Tag Archives: Political Science department

Translating Aristotle

For more than two thousand years, Aristotle’s Art of Rhetoric has shaped thought on the theory and practice of the art of persuasive speech. Aristotle defends rhetoric as an art and a crucial tool for deliberative politics while also recognizing … Continue reading

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Covert operations

Though a part of international politics for centuries, covert actions to induce changes to ruling governments — including assassinating a leader, orchestrating a coup d’état, or interfering in an election — are difficult to study due to their secretive nature. … Continue reading

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Changes to Title IX

Due to the government shutdown, the U.S. Department of Education extended its original Jan. 28 deadline for educators to submit comments on its proposed new rules on sexual harassment and assault. O’Neill Professor of American Politics R. Shep Melnick, author of … Continue reading

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The Politics of Petulance

In his latest book, Boston College Professor Emeritus of Political Science Alan Wolfe states that the nation is in an age of political immaturity. He calls on public intellectuals to step up today to challenge the president and demagoguery, similar to … Continue reading

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David Hopkins

Boston College Associate Professor of Political Science David Hopkins and co-author Matt Grossmann have been honored with the Leon Epstein Outstanding Book Award from the American Political Science Association for Asymmetric Politics: Ideological Republicans and Group Interest Democrats. The award recognizes a book … Continue reading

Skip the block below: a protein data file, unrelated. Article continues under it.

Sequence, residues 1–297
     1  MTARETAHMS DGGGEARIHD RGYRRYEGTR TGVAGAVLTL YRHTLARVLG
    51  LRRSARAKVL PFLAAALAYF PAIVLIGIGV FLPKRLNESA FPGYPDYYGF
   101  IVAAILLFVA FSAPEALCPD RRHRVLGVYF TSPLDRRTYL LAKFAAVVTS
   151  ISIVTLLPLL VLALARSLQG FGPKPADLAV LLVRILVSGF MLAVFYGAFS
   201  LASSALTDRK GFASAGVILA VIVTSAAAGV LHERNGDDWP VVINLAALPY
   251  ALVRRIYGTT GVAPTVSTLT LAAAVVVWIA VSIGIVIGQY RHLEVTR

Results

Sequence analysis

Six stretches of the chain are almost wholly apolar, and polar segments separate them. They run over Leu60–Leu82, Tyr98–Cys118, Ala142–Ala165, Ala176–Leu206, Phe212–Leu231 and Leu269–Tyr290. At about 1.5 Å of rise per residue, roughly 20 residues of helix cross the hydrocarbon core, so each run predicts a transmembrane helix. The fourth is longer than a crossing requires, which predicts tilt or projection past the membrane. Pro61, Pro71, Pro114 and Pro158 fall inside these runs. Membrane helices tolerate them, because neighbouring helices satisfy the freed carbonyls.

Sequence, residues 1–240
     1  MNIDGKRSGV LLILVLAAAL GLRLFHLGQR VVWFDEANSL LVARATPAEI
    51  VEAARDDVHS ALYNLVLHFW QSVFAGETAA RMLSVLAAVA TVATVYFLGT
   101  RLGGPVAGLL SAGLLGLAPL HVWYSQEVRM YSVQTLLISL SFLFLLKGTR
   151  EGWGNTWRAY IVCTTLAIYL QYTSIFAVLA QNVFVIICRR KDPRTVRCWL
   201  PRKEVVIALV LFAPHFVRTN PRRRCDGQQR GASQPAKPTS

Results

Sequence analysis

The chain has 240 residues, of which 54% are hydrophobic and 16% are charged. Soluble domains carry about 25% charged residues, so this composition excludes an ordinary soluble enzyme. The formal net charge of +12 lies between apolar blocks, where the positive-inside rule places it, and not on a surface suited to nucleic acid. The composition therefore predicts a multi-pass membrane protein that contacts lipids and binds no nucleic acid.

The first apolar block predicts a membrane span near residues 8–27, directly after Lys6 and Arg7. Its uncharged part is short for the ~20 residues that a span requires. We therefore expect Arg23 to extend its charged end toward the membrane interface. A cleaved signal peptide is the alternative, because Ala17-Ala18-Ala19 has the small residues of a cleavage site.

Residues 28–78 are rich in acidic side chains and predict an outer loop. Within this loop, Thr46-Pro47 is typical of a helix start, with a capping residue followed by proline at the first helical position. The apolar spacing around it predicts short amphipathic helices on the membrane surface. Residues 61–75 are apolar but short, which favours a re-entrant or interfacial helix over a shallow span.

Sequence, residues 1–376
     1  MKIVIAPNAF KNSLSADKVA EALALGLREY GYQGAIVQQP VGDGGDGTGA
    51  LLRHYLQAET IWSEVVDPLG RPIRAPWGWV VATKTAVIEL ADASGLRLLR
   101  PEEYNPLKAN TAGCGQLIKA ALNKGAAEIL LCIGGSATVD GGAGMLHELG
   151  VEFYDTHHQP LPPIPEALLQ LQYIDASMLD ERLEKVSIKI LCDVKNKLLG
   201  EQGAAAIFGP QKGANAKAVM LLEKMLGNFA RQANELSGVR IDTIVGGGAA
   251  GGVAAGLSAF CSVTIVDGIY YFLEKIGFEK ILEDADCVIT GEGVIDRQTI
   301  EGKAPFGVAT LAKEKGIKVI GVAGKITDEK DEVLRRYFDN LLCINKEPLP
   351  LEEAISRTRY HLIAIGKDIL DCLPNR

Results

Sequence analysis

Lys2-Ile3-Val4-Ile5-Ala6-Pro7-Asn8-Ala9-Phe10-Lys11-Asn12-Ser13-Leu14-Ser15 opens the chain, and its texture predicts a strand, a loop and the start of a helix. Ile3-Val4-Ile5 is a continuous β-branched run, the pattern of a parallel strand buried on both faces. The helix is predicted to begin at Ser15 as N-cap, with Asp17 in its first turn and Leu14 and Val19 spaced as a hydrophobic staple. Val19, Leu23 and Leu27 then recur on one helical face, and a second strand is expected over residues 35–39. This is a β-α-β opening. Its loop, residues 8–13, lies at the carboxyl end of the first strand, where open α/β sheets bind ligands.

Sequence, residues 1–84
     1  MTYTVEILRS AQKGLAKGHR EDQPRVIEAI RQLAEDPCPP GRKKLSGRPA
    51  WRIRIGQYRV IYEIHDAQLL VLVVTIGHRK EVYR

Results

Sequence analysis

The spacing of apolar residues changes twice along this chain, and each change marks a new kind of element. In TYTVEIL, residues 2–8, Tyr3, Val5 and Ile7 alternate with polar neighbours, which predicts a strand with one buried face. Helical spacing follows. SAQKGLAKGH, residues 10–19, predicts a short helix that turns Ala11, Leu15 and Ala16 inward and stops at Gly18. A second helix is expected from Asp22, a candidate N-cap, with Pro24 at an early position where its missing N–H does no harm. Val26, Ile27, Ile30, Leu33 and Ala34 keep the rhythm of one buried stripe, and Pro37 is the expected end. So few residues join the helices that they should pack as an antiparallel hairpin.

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Legacy of Title IX

Few laws have had such far-reaching impact as Title IX of the Education Amendments of 1972. Intended to give girls and women greater access to sports programs and other courses of study in schools and colleges, the law has since … Continue reading

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Coercion in the 21st century

The nature and conduct of international politics has changed dramatically since the Cold War. Yet much of the literature on deterrence and compellence has not kept pace. In their new book, Coercion: The Power to Hurt in International Politics (Oxford University … Continue reading

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